We Are All Suspects Now Untold Stories from Immigrant America after 9/11

ISBN-10: 0807004618
ISBN-13: 9780807004616
Edition: 2005
List price: $14.00 Buy it from $1.28
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Description: Known as Little Pakistan, the community of Midwood, Brooklyn, has suffered a remarkable exodus in the years since 9/11. One sixth of the community-20,000 people-has left in search of liberty. In an ironic reversal of the American dream, this  More...

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Book details

List price: $14.00
Copyright year: 2005
Publisher: Beacon Press
Publication date: 9/15/2005
Binding: Paperback
Pages: 212
Size: 5.50" wide x 8.25" long x 0.75" tall
Weight: 0.484
Language: English

Known as Little Pakistan, the community of Midwood, Brooklyn, has suffered a remarkable exodus in the years since 9/11. One sixth of the community-20,000 people-has left in search of liberty. In an ironic reversal of the American dream, this immigrant community now lives in fear, witnessing the unjust detainment or deportation of family members, friends, and neighbors. Tram Nguyen reveals the human cost of the domestic war on terror and examines the impact of post-9/11 policies on people targeted because of immigration status, nationality, and religion. Nguyen"s evocative narrative reporting-about the families, detainees, local leaders, community advocates, and others-is from those living and suffering on the front lines. We meet Mohammad Butt, who died in detention in New Jersey, and the Saleems, who flee Queens for Canada. We even follow a self-proclaimed "citizen patroller" who monitors and detains immigrants on the U.S.-Mexico border. We Are All Suspects Now, in the words of Mike Davis, "takes us inside a dark world . . . where the American Dream is fast turning into a nightmare" and suggests proactive responses to stop our growing climate of xenophobia, intimidation, and discrimination. "In this brave and deeply moving book, Tram Nguyen chronicles immigrant lives caught in a sinister web of suspicion, bigotry and state-sponsored terror." -Mike Davis, author of Dead Cities and Planet of Slums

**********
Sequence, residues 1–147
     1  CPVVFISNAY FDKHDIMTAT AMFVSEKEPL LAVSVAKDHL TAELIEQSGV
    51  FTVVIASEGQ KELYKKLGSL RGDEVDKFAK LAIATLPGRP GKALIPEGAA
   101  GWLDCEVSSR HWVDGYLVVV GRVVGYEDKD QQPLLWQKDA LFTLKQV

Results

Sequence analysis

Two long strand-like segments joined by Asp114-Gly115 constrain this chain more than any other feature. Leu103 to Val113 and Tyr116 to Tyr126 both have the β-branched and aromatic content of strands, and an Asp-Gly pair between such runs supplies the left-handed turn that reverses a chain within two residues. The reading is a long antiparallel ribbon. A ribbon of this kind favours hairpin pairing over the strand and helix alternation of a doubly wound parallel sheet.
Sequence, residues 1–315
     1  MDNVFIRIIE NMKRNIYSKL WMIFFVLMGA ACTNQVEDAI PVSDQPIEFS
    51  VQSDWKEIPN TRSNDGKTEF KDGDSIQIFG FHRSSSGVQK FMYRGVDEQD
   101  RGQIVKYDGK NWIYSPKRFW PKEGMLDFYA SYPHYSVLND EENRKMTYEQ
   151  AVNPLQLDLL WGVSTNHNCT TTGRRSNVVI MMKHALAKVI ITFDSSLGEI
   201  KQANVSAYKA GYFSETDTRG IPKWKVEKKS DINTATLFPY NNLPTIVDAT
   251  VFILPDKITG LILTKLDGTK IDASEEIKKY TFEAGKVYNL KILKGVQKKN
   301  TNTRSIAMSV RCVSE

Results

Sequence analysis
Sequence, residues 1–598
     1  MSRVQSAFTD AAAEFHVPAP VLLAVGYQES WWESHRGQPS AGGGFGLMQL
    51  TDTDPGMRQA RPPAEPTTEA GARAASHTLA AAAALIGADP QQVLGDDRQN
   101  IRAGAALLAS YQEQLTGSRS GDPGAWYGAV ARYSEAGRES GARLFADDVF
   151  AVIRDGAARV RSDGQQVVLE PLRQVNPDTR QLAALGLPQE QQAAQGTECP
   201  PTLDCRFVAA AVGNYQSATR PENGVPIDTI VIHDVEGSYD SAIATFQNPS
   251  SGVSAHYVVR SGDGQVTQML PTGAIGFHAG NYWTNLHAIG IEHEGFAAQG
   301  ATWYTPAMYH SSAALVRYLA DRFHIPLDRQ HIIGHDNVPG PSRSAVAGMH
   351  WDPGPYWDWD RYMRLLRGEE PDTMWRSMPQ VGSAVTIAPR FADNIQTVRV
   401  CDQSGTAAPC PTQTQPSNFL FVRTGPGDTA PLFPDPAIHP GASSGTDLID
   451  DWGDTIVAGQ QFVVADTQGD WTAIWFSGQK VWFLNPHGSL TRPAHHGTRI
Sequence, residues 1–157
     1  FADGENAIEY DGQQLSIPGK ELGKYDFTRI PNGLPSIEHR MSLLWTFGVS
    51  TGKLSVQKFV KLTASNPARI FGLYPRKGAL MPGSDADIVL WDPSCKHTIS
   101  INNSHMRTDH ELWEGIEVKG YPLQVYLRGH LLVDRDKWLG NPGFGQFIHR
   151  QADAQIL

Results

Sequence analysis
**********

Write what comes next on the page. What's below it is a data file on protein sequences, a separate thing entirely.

Edwidge Danticat was born in Haiti in 1969 and came to America at age twelve to live with her parents in Brooklyn. She studied French literature at Barnard College and received her M.F.A. from Brown University. Her work has achieved both popular and critical acclaim. Breath, Eyes, Memory (1994), her first novel and master's thesis, garnered Danticat a Granta Regional Award for Best Young American Novelist and was chosen as an Oprah Book Club selection, a singular honor. Her collection of short stories Krik? Krak! (1995) was nominated for the National Book Award. Along with awards for fiction from Seventeen and Essence and the 1995 Pushcart Short Story Prize, Danticat was chosen by Harper's Bazaar as "one of 20 people in their twenties who will make a difference," and by the New York Times Magazine as one of "30 Under 30" people to watch. Her second novel, The Farming of Bones (1998), concerns a massacre in Haiti in 1937.

Becoming suspects : Brooklyn and New Jersey
Separated by deportation : Minneapolis
Turning in for registration : Chicago
The new racial profiling : Los Angeles
Crisis at the border : Arizona
In search of asylum : Canada

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